Are you a sizeist?
Have you ever caught yourself looking at someone’s body and thinking, ‘that just won’t do?’ Have your eyes been so conditioned by what you are told is beautiful and acceptable that you only appreciate what you recognize? Have you ever noticed that after having spent even just a few minutes flipping through a fashion magazine your eyes are more judgmental and critical when they next glance upon a mirror?
Let’s face it, there’s a new form of discrimination around, ‘SIZEISM’ and the majority of us have got it…BAD.
Of late, we’ve developed a limited view of what beautiful bodies are and should look like. A mix of factors: consumerism, health, the fashion industry, diet industries and visual culture combine to create this exclusionary aesthetic. We seem to have found ourselves in a venus fly trap; hideously dangerous vicious cycle of self acceptance and self loathing.
As we struggle to resemble the stick thin air-brushed, digitally manipulated figurines staring back at us from the pages of our glossies we can forget how unreal these unattainable ideals of such kind of manufactured beauty are.
And unfortunately, so has the fashion industry.
As our struggle for thinness grows more aggressive and violent; as we lie under the knife or with our heads down the toilet bowls, as we are hospitalized from starvation, more and more of us will reach – for a time - that size 8 or 10. And as a result, the fashion industry in turn gains even more confidence in selling us sizeism.
Students in fashion schools are taught to cut patterns for only up to a size 10; designers cultivate a taste for celebrating a female body devoid of curves, stripped of fat.
While fashion brands that do venture the task of designing for a more inclusive range of body shapes and sizes can be tainted with the mark of being ‘fat brands’. Curves become for this era NOT sexy. We have developed a strictly defined visual vocabulary that permits us to judge whether someone should feel good about the way they look or not. We have come to assume that someone who is larger than size 10 or 12 is overweight (over whose weight?) or even slightly curvaceous SHOULD be ashamed and should be on a constant diet or at the gym.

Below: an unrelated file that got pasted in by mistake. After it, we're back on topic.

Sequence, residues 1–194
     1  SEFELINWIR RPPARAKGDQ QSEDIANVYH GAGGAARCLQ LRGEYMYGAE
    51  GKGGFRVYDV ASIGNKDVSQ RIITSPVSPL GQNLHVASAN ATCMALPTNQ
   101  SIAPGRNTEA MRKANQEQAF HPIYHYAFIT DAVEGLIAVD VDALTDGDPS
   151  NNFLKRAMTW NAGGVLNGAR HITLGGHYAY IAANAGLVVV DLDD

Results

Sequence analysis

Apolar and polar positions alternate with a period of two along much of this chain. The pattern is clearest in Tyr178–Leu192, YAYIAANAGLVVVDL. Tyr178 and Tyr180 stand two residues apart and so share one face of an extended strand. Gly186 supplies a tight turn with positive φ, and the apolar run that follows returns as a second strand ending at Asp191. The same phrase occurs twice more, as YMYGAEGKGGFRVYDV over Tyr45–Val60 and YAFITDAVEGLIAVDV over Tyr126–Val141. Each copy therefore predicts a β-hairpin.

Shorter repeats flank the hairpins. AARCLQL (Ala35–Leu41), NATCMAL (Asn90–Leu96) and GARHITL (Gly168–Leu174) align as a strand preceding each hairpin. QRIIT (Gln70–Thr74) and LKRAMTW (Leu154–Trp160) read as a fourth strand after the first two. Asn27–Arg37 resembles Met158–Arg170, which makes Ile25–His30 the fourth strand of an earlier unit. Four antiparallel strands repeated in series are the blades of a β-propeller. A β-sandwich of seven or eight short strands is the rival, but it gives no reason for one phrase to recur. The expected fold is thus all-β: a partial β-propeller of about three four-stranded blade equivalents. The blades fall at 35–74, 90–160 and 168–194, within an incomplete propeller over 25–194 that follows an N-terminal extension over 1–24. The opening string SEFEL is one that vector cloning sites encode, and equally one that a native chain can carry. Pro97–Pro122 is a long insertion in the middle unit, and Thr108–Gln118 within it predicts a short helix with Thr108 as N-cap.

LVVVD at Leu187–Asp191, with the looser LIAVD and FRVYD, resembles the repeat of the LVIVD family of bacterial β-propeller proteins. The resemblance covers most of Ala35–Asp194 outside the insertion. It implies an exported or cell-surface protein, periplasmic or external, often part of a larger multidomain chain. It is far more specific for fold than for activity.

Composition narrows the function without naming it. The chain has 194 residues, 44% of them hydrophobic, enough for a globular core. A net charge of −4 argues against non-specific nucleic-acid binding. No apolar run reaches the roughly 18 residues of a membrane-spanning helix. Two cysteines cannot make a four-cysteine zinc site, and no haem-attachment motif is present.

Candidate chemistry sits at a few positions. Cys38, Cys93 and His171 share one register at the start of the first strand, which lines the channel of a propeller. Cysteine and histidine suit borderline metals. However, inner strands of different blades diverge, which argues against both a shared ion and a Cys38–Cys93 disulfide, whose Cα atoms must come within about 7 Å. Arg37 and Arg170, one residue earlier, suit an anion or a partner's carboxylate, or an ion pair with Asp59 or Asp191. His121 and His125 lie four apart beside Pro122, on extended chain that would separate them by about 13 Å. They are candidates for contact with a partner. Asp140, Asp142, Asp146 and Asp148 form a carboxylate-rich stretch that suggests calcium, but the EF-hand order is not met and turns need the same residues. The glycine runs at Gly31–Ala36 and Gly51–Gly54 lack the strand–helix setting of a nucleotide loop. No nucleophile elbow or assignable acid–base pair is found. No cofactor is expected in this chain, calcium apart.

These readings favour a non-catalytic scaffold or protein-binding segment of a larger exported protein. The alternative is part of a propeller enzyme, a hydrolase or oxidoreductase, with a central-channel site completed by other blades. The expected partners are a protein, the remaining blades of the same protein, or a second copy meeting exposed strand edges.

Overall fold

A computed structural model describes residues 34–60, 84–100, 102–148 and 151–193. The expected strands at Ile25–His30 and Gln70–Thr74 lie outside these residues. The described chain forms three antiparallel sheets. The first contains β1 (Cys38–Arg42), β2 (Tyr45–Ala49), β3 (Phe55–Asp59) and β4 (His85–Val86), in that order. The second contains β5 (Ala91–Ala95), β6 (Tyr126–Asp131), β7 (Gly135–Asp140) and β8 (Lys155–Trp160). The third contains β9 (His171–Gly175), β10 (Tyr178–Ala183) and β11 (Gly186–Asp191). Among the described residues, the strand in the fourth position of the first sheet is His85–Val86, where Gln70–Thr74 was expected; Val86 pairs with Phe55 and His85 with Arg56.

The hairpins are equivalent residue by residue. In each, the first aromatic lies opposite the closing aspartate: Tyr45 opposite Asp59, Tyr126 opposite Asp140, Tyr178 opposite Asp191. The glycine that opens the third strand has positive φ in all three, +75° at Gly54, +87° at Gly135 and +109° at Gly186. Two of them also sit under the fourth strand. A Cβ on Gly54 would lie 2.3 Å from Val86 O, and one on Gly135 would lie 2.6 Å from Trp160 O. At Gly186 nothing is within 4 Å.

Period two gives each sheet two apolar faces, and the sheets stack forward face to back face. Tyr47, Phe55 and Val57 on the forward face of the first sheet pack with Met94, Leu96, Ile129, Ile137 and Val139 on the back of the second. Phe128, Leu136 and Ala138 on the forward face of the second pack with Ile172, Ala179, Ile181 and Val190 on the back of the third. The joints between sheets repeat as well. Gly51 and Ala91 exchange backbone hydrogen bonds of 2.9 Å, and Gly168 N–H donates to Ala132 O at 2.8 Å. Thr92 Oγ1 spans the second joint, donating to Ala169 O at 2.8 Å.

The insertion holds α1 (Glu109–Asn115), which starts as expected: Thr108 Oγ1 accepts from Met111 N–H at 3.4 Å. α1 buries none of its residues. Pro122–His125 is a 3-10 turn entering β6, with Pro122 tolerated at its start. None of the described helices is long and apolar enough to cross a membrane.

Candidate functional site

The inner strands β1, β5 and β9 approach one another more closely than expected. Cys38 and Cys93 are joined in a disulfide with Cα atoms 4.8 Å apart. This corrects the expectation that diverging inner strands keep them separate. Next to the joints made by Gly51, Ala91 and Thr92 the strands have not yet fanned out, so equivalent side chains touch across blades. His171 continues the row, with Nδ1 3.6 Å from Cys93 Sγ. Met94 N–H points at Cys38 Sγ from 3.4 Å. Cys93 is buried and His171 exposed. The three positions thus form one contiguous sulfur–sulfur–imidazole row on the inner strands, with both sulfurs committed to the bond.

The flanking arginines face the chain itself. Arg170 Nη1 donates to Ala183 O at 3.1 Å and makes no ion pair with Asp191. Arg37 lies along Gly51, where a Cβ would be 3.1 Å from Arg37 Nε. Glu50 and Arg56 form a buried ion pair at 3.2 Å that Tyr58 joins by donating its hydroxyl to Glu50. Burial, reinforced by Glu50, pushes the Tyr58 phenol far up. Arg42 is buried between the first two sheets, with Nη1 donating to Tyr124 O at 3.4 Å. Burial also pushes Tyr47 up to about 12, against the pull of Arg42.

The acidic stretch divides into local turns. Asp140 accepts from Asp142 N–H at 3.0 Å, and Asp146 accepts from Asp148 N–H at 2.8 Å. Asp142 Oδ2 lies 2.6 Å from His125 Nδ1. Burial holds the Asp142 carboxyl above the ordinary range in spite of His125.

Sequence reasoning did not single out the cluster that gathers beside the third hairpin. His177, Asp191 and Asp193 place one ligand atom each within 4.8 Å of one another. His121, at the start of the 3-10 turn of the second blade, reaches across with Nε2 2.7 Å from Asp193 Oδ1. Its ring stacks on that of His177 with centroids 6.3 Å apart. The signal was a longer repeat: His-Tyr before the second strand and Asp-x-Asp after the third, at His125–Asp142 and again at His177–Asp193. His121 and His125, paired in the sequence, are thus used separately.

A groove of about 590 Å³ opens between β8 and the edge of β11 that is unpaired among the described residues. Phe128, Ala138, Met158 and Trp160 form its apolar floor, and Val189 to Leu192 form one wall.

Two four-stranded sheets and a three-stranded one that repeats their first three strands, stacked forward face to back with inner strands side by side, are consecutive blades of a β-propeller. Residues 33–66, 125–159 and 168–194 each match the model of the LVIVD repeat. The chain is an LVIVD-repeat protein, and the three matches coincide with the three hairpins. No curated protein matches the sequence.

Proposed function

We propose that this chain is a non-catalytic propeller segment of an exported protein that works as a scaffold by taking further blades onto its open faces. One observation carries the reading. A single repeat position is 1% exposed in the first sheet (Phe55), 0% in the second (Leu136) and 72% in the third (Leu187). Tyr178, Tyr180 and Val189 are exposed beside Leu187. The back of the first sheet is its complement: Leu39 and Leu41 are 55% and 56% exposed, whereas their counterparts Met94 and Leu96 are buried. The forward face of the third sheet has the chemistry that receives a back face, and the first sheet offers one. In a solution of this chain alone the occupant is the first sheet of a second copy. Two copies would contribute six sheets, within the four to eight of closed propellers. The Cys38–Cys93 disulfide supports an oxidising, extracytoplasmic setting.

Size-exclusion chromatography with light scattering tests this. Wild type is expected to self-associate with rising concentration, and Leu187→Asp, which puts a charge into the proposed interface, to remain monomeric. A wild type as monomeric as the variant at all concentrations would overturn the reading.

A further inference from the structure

Fashion is more than style, it is more than simply protecting the body.
Fashion and clothing permit us to create a relationship between our intimate selves and the rest of the world; it permits us the freedom of being able to select what aspects of our identities we choose to put on display, to mask an to hide. Fashion is a medium for expressing how we feel, for conveying messages as much as it is for comfort.
Consider the distress caused when a woman walks into a shop and cannot find a garment that fits her.
All the doubts or insecurities that she may have had are relentlessly confirmed. She leaves convinced that her body is wrong; that she needs to make some changes to her appearance.
As the fashion industry becomes ever more available with the rise of high street brands and affordable trendy ‘throw away clothes’, it has paradoxically made more women insecure about their appearances.
As styles change and young women in particular are tempted to renew their wardrobes every season, every month, even every week; we absorb the idea that we must constantly change in order to be ‘fashionable’. But this continual flexibility is not simply fun, it inevitably trips us up and the fashion industry simultaneously feeds off of and into our personal most intimate insecurities.
SIZEISM in the fashion industry works on many levels.
It defines certain guidelines for glamour and sexiness. It establishes the size distribution in shops. It influences the visual aesthetic zeitgeist of our times. More seriously though, it goes unquestioned. As we are visually overfed with image after image of air-brushed divas, how often is it that a voice dares to make a stance and challenge the norm?
Beauty doesn’t lie solely in uniformity! Beauty also lies in diversity!
How much more exciting it would be if fashion -and the media that surrounds it- catered to a rich myriad of different beautiful bodies?
If it celebrated curves as well as slenderness? If a cross-cultural vision really prevailed rather than simply being raided. And, can you imagine how wonderful it would be if every woman felt spoiled and celebrated whilst shopping? If all sizes and shapes were catered for?
It’s high time to move on darlings, SIZEISM is so last season.
- Article by Karishma Chugani
- Karishma is a fashion designer based in Morocco and member of AnyBody Ltd (copyright 2006)